This answer says that (with the wrist intact) they'd do no better. Actually, not only would they do no better but they'd do worse, for two reasons: reduced swordsmanship, and inability to do other useful things with their non-dominant hand, like use a shield.
Effective use of a sword does not just rely on swinging the arm. The wrist is critical for first-order refinement (aiming, feints, off-side strikes, and so on), and the fingers and thumb are useful for second-order refinement. The latter depends some on the type of gauntlets being worn, but even "mitten-style" ones that don't allow good use of the fingers still afford the thumb movement independent of the fingers. This matters.
To see this, try holding something the size and weight of a sword (a wooden dowel will do). Grip it tightly in your fist and swing; observe how it moves. Now grip it loosely and swing; observe what the "sword" is trying to do. Now adjust your grip as you swing and observe that. (I'm not describing good technique here; the point of this is to show that the option space is larger if you can use your fingers.)
Further, you describe this as being done to the non-dominant hand, presumably because you want the dominant hand to remain available for other things. So, either your elite troops are fighting with two swords or they're using their weapon in the lesser hand. If they've already been trained to use a sword in the dominant hand, they'll have to relearn some of what they know. It's not just about the hand; when you switch to fighting with the "off" hand you have to adjust your stance, your power, your targeting, and your defense. (And you'll still never be as good with that hand, unless you're truly ambidextrous.) Your "elite" troops will be less-effective swordsmen than those same troops using swords in their dominant hands. If the plan is for them to use weapons in one hand they'll be less skilled; if the plan is for them to use weapons in both hands (two-sword fighting) then you've taken away the shield.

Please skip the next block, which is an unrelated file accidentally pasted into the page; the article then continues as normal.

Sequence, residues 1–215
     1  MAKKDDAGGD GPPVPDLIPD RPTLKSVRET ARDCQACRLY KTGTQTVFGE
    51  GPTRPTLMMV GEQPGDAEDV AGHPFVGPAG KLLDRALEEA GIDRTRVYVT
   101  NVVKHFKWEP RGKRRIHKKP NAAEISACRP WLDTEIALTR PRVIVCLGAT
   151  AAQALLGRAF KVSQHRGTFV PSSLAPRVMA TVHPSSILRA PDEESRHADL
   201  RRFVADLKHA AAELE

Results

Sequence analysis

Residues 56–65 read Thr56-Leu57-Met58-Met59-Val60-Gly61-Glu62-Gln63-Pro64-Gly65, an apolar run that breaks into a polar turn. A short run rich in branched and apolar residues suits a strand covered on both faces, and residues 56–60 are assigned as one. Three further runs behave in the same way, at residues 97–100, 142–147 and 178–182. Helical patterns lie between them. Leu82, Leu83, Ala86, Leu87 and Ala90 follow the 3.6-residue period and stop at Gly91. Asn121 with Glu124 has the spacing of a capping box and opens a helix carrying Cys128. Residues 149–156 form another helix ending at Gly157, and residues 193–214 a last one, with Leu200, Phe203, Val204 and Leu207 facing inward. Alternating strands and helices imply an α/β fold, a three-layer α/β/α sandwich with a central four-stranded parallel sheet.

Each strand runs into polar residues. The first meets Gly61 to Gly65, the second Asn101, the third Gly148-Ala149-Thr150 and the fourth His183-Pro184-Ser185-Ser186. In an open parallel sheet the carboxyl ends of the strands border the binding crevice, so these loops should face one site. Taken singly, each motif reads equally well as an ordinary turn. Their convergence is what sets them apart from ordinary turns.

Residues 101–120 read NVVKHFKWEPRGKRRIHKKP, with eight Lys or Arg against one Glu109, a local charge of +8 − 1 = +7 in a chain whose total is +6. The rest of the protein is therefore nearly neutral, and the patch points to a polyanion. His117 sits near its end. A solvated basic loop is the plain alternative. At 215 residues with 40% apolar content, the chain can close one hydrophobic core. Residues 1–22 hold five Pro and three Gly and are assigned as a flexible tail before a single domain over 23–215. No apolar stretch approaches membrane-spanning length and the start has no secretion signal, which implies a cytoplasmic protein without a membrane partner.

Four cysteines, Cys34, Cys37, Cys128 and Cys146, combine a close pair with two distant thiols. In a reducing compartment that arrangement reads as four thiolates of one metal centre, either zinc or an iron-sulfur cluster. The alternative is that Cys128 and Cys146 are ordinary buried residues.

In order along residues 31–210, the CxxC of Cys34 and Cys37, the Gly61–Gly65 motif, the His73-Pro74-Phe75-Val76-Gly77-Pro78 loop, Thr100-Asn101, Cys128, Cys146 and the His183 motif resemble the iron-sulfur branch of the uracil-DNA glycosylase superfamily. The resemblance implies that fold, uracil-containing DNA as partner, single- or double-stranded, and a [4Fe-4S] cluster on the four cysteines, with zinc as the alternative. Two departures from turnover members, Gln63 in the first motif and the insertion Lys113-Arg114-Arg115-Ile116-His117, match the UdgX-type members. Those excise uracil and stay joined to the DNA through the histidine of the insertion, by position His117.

And that brings me to the second point: in battle formations (where battles are fought in open fields, as was often done in the middle ages), where troops fight as a unit, the shield wall is very important. It presents better defense when being attacked from the front, and in some configurations it protects from archery fire. Your elite troops will not be able to participate in the shield wall -- or, if they do, their main contribution will be holding shields, as we've already discussed their reduced offensive abilities.
There's more to battles than units formed up in shield walls, true -- your elite troops might be used as two-weapon harriers, who operate independently and try to disrupt enemy lines. Their mortality rate will be high (it's easier to pick off one guy acting alone than someone who can't easily be flanked or attacked from behind), but hey, they're supposed to be super-loyal, right? But they'll also be at a distinct disadvantage if they have to, say, crawl through underbrush, climb trees to drop on enemies from above, or do anything else where having both hands would help them get into position.
Also, as pointed out in this answer and in comments, the consequences of a broken or stuck weapon are much, much more severe in this scenario, as are the consequences of injury to the dominant hand.
And on top of all that, as others have noted, you're impeding their ability to do the tasks of daily living (like getting dressed) and ruining them for non-military tasks completely -- maybe ok if you're planning for them all to die in battle, but not very versatile.